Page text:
Yes, a brand plan PowerPoint presentation is essential to get buy-in from management to tell them how you will invest their resources to drive growth. There is nothing wrong with an excellent brand plan presentation. However, the reality is that no one will ever reread your presentation. And, don’t put it in a binder or on the share drive. Instead, try using our one-page brand plan template that gets everyone on the same page. Our one-page brand plan includes the vision, analytics, key issues, strategies, goals, and marketing execution. If you came here to learn how to write a brand plan, you are in the right place. We will show you plenty of one-page brand plan examples to help you follow. As well we provide all the brand plan definitions to guide you. Finally, you can get access to our brand plan presentation template.
One-page brand plan template
Does everyone on your team know their role and know how they contribute to building a successful brand?
I first developed this one-page brand plan template when I led a team with 15 brands. It helped me see the big picture quickly, rather than having to hunt through a big thick binder. Even worse is now looking through a confusing share drive to sort through a bunch of 50-slide presentations.
To illustrate, click on the one-page brand plan template to zoom in.
Most importantly, the sales team appreciated the ability to see the entire plan on one page. Many salespeople had the same 15 brands to manage with their customers. Unlike the brand team, they don’t want to work with binders or big PowerPoint decks.
Unquestionably, everyone who works on the brand should receive the one-page brand plan. As a rule, they should keep the plan nearby to guide day-to-day decisions. For example, below is the one-page brand plan template we use.
Your one-page brand plan template can align marketing, sales, finance, supply chain, product development, human resources, and outside ad agencies. Lastly, the one-page brand plan helps you stay focused on delivering what you said.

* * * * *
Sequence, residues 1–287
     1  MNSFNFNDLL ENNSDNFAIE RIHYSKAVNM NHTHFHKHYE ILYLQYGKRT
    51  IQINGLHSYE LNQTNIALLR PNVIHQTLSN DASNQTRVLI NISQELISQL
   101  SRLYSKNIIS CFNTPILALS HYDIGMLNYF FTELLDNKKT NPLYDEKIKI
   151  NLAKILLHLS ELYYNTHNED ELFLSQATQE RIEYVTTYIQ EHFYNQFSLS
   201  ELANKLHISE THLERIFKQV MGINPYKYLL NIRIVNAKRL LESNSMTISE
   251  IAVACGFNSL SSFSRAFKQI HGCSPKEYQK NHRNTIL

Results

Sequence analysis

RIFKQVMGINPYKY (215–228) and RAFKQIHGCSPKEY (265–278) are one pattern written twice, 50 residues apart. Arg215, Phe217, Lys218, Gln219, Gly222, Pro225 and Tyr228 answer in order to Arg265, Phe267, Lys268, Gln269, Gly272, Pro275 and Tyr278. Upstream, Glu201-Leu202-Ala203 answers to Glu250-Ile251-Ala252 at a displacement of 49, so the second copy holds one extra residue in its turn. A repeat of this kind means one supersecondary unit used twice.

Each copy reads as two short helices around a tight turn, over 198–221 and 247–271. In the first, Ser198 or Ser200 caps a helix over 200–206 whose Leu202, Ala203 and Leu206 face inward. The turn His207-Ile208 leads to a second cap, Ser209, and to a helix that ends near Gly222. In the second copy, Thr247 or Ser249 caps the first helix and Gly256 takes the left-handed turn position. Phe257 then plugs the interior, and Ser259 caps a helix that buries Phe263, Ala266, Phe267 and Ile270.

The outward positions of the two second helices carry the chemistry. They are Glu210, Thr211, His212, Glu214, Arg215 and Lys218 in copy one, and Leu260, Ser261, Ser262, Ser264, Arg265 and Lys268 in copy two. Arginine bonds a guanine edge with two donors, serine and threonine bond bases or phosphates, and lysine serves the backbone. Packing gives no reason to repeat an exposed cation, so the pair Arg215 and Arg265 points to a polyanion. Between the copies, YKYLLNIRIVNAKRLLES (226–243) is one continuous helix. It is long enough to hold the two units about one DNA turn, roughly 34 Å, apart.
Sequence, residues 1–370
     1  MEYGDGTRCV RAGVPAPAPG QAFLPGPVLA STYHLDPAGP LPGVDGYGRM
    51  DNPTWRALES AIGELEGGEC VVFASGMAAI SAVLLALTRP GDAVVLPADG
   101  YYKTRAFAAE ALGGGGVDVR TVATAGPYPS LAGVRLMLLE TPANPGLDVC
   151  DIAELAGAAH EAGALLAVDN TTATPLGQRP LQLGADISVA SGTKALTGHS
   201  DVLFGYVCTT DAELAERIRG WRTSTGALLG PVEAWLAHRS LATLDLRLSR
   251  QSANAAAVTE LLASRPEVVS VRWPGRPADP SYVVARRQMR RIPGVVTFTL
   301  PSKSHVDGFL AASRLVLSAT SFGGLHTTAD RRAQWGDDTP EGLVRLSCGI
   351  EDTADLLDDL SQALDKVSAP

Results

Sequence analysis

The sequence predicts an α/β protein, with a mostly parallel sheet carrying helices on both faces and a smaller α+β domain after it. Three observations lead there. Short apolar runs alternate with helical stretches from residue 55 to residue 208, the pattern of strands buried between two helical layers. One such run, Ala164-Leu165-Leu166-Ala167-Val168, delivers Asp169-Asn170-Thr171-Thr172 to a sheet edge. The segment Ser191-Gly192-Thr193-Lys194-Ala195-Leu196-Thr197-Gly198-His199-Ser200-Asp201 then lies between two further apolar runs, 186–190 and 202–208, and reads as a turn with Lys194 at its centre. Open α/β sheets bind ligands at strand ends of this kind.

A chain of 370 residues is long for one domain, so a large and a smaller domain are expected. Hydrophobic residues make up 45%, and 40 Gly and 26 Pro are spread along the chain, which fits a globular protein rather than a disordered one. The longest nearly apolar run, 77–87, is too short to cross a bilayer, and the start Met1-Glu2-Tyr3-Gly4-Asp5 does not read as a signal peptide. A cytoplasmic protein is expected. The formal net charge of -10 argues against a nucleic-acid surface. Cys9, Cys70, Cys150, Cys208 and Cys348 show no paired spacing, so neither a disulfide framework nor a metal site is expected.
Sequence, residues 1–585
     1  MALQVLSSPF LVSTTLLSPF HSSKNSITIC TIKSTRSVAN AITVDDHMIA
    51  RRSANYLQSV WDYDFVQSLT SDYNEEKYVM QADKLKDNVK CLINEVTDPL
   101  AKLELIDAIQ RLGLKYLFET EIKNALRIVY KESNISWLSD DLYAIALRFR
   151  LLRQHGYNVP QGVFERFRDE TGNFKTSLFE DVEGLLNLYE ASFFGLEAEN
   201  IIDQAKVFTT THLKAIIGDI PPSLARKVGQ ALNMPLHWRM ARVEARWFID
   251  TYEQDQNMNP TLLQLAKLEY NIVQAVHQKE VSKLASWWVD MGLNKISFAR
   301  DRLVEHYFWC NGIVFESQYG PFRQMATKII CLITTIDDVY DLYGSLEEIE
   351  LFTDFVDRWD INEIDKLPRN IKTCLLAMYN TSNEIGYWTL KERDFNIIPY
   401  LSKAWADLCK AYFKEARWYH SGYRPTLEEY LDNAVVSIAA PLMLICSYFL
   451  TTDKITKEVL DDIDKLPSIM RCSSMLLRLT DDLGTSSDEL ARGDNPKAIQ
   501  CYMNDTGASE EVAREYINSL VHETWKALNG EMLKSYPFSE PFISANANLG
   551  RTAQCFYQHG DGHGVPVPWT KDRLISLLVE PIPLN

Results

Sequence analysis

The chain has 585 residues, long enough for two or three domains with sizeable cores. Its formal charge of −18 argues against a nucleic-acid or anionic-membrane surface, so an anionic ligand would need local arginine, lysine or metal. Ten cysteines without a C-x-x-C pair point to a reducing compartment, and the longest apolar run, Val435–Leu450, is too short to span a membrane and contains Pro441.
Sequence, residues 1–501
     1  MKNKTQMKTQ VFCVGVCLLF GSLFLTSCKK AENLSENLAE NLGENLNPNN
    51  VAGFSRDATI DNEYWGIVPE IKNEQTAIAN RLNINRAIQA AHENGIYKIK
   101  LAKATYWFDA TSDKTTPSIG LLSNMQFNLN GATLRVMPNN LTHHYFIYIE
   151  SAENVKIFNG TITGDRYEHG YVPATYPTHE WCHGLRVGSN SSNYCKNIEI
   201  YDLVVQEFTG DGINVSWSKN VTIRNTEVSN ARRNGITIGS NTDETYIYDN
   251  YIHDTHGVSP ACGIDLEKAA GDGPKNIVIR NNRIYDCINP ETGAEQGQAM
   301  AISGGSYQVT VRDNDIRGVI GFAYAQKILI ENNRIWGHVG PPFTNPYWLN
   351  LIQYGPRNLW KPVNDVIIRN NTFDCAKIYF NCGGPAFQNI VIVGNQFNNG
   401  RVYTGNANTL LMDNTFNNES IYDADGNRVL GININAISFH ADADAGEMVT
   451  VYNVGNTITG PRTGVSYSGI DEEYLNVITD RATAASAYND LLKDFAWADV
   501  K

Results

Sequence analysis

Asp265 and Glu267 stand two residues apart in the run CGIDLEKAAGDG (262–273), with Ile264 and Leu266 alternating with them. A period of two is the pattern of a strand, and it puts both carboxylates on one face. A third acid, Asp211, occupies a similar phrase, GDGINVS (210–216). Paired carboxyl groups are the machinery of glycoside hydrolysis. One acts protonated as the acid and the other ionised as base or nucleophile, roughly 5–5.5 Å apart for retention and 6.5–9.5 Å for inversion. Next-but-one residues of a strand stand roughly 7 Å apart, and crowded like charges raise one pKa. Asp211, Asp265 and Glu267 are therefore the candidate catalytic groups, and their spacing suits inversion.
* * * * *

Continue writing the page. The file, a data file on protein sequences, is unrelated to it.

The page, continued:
How to work the one-page Brand Plan template
The analysis section lays out the summary from the deep-dive business review. As a rule, you should conduct a deep-dive business review annually. Essentially, look at the market, consumer, channels, competitors, and the brand. First, what is driving your brand’s growth? Second, what is inhibiting your brand’s growth? Third, which threats could hurt your brand? Finally, what opportunities are facing your brand?
The key issues and marketing strategy section focuses on the top three issues getting in the way of achieving your vision. Importantly, put the key issues in question format. Furthermore, we introduce you to our Strategic ThinkBox which uses four questions to help you uncover the key issues facing your brand. First, what is your brand’s core strength? Second, how tight is the bond with consumers? Third, what is your competitive stance? Finally, what is the business situation the brand faces? In addition, the strategic solutions should be the answers that match up to each of those questions. Set goals to measure your brand’s performance against each marketing strategy.
The marketing execution plan section maps out the specific plans for each chosen execution area that line up with essential consumer touchpoints. For example, include execution plans for brand communication, product innovation, and sales.
To illustrate, click on the brand plan process we use as part of our one-page brand plan template.
The elements of your brand plan should include:
- Key issues.
- Strategy Statement.
- Marketing Communications plan.
- Sales plan.
- Innovation plan.
- Forecast and financials.
To clarify, below is our layout for how these strategic slides can be organized.
To illustrate, click on the brand plan definitions we use as part of our one-page brand plan template.
Do you call it a marketing plan or a brand plan?
I use brand plan and marketing plan interchangeably. If there is any difference, it is usually semantics.
Nevertheless, it’s important for you to have clarity. As a rule, a strategic brand plan covers the bigger strategic elements, such as vision, purpose, key issues, strategies, and execution plans. Correspondingly, a marketing plan includes the strategic elements, but goes deeper on the marketing execution and tactics.
- Marketing Communications plans go deeper by looking at advertising, social media, SEO, or events.
- The innovation plans look at new product launches, innovation calendars, and project management.
- Sales plans look at retail, merchandising, promotions, and pricing.
Brand Plan template
We designed our brand templates to make it easier for you to run your brand.
Altogether, we provide both a strategic brand plan template and marketing plan template. To clarify, our templates include the key definitions and marketing plan examples to inspire you to write each component. Importantly, our brand templates provide our unique one-page marketing-plan and one-page brand strategy roadmaps.